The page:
Futurists, tech visionaries and urban stakeholders have been talking about “smart cities” for a number of years now, as though they’re the product of a simple recipe: Take a city, add the internet of things, and voila — smart city!
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Needless to say, it’s hardly that simple. Smart cities will, indeed, require connected technology to deliver on their promise. However, they aren’t created just by association with technology, but rather by intentionally applying four core principles to all civic initiatives powered by that technology.
Before we get into the how of developing smart cities along those principles, though, we should explore exactly what they are and why today’s stakeholders should be working to bring them about.
A smart city leverages the internet of things for the distinct purpose of delivering services sustainably and efficiently without overtaxing its resources. It accomplishes this by prioritizing those elements that cover functions that are absolutely necessary — emergency services, for example — and virtualizing the supporting elements that force people to perform mundane tasks but don’t contribute to their work or enjoyment. The classic example is the parking meter: give people an app that shows where available spaces are and allows them to pay digitally, and they will never again have to drive in circles hunting for an open spot, only to discover they don’t have any coins to feed the meter.
This approach will become increasingly important over the coming decades. According to the United Nations, by 2050 more than 6.4 billion people — representing nearly two-thirds of the world’s population — will be urban. If cities haven’t figured out how to use smart technology to streamline their infrastructure and delivery of services well before that influx, the economic consequences will be catastrophic. This is where is the four smart city principles come into play.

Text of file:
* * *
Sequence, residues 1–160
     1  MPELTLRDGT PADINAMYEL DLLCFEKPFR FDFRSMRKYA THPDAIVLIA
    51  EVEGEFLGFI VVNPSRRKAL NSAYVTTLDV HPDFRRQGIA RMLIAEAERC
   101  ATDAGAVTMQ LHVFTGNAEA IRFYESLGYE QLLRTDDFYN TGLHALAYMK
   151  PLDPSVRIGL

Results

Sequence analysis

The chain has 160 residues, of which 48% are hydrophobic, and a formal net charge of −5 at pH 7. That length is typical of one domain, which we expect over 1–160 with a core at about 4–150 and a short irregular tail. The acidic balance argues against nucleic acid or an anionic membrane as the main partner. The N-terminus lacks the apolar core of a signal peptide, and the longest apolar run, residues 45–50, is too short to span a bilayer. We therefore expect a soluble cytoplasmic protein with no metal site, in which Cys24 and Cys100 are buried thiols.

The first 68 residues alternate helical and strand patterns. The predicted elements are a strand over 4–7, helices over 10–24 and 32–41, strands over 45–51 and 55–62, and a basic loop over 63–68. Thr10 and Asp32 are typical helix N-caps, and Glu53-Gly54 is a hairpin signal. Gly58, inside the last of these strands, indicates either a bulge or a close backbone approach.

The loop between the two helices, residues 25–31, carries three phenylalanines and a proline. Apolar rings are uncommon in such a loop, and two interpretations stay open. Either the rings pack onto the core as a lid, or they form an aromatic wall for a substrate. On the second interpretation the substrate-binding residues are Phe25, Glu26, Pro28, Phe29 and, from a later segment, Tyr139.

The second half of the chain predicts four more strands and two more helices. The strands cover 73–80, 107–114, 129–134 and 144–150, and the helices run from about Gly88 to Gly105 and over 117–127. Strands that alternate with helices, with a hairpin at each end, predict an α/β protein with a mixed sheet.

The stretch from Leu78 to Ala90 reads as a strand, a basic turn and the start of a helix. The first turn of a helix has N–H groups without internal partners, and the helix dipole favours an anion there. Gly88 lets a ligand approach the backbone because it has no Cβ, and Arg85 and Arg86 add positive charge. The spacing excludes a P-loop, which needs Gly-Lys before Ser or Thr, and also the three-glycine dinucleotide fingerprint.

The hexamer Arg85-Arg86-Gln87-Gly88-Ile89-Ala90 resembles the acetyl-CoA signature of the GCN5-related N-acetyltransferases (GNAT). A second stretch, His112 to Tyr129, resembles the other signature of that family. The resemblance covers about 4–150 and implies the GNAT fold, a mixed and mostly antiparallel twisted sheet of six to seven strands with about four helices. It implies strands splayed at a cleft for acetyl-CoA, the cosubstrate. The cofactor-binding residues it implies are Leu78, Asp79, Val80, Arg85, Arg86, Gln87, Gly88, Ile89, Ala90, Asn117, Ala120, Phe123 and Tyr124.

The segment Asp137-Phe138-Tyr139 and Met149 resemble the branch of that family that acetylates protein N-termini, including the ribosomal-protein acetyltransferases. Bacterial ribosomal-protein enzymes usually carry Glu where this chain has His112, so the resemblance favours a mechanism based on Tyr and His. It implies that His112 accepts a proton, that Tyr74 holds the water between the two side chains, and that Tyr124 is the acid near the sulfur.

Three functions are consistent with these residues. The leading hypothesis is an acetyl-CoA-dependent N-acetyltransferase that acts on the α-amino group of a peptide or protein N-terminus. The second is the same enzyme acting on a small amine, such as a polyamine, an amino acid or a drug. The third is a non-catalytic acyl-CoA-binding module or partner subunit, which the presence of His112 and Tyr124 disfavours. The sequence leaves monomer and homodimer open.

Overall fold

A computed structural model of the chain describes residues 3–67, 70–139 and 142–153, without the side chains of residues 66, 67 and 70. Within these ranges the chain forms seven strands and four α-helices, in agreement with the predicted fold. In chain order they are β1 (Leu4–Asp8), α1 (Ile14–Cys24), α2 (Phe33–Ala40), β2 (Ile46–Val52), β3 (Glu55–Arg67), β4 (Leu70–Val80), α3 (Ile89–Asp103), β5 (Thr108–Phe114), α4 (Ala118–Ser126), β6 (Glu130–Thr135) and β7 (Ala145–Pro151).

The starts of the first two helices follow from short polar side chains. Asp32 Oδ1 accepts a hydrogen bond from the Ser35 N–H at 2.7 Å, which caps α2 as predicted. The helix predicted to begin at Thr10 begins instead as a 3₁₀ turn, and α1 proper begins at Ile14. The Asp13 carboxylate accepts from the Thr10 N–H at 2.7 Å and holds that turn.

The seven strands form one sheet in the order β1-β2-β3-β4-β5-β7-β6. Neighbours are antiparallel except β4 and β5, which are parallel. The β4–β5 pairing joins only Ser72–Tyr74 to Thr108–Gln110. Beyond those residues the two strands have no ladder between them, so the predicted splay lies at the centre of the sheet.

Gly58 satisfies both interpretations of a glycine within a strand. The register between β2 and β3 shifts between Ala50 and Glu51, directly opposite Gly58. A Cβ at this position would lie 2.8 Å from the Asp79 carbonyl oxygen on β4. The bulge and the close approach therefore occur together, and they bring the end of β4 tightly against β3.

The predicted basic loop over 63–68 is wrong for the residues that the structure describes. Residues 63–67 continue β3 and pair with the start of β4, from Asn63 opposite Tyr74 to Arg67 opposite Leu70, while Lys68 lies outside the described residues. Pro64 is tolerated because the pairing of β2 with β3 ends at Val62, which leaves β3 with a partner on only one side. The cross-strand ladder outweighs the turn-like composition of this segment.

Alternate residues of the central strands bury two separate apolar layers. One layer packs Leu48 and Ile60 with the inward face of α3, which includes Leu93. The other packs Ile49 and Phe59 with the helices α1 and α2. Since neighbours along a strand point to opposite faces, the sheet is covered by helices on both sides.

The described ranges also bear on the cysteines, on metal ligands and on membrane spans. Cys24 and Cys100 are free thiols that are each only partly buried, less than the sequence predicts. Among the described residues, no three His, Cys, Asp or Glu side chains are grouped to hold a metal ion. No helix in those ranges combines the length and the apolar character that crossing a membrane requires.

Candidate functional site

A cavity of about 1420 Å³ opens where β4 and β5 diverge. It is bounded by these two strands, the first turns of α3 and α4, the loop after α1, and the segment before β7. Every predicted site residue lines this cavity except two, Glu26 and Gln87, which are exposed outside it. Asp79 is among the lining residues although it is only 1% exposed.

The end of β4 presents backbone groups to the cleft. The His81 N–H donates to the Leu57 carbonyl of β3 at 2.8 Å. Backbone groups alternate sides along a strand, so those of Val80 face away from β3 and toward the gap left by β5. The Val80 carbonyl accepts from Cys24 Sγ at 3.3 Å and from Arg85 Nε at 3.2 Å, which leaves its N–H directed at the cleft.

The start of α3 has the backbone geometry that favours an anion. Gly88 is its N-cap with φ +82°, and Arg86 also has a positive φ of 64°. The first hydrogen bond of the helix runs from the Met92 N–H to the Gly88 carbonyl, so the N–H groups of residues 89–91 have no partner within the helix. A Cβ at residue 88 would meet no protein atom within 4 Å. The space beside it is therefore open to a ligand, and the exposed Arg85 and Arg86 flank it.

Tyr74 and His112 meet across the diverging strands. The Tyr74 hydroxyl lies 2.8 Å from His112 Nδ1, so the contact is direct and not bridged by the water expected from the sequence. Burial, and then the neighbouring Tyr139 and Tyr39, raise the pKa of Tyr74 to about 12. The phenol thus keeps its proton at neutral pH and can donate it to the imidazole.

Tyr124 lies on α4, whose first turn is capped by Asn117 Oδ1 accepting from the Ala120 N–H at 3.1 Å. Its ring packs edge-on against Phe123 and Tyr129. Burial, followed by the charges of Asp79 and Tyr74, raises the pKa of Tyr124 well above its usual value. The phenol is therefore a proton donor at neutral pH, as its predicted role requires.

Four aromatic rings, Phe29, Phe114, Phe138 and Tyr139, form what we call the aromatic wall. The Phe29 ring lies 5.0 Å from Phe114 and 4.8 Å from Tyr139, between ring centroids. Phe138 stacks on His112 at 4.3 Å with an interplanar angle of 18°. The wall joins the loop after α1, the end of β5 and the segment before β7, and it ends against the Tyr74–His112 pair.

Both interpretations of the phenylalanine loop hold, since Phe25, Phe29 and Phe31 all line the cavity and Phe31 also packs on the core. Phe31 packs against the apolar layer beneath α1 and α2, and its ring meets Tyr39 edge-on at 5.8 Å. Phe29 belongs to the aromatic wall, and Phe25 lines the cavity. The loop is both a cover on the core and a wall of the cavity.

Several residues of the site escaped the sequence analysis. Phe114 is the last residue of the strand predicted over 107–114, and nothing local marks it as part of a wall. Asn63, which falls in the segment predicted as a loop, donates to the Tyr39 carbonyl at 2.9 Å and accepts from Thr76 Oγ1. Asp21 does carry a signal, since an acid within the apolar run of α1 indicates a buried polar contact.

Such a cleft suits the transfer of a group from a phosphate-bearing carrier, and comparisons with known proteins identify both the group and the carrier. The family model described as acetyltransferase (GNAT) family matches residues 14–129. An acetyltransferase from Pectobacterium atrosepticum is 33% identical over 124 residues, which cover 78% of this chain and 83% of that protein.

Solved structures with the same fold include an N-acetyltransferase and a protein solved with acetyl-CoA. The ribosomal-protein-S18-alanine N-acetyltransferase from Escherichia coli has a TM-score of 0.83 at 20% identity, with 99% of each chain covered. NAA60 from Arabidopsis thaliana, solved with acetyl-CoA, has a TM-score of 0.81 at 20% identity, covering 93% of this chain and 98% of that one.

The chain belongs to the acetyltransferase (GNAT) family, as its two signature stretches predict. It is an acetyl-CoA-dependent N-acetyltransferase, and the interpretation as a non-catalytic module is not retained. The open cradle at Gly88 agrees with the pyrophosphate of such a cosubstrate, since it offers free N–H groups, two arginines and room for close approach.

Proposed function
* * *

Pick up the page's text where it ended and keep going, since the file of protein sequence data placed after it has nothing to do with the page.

Once the stakeholders — citizens, government agencies and enterprises — begin considering these guidelines, the internet of things will help bring their smart initiatives to fruition:
1. Smart cities are experience-oriented
In the smart city, people only show up physically to have an experience or receive a service, not to plan it or purchase it. Time-consuming activities that do not contribute to work or recreation, like standing in line to pick up tickets, will be eliminated. People will have the same experience whether they are renewing their driver’s license, booking a facility for a wedding rehearsal dinner, paying their taxes or transferring between modes of public transit.
2. They are solutions-oriented
Technology will be applied to address specific problems. There will be no one-size-fits-all solution handed down by a centralized authority or vendor. Cities will instead encourage a diverse network of innovators and developers to create best-of-breed apps to provide the solutions needed by officials and citizens to improve the urban experience.
3. They are fully digitized
All services and infrastructure are optimized for a mobile-first population, with physical backup services for those without digital access. There will still be physical infrastructure, of course — roads, transportation, power, water supply, hospitals, etc. — but it will be supported by smart technology. A combination of sensors and open data exchanges will provide constant information about these systems and allow cities to address, in real time, everything from heavy public transit demand during rush hour to emergency responses during natural disasters.
4. They are seamlessly interconnected
All services and infrastructure are open to deep links and data sharing, so that if required, they can work together through an ecosystem of best-of-breed apps. To facilitate this, civic data sources are made available through open portals that anyone can access as a resource for identifying problem areas and creating solutions to address them.
Putting IoT in everyone’s pocket
The key to all of this is the smartphone, which will be the citizen’s personal node in the internet of things and gateway to the smart city. The Pew Research Center noted in a 2016 report that smartphone adoption continues to grow across the globe, even in developing countries. It won’t be long before smartphones are ubiquitous, therefore allowing smart cities to be a global reality.
The imperative is urgent and clear: the time is now to begin the process of building smart, tech-enabled cities, with a seamless flow between the different services provided for residents, commuters and visitors. The internet of things will empower citizens through their smartphones, creating create tremendous benefits for the people who live in, work in or travel to and within smart cities.
When today’s stakeholders encourage the creation of a best-of-breed ecosystem that leverages civic data and supports the internet of things, in line with the core principles above, they are giving their cities an advantage over those that are not taking these same steps. The smartest cities of 2050 will have put down their roots today.
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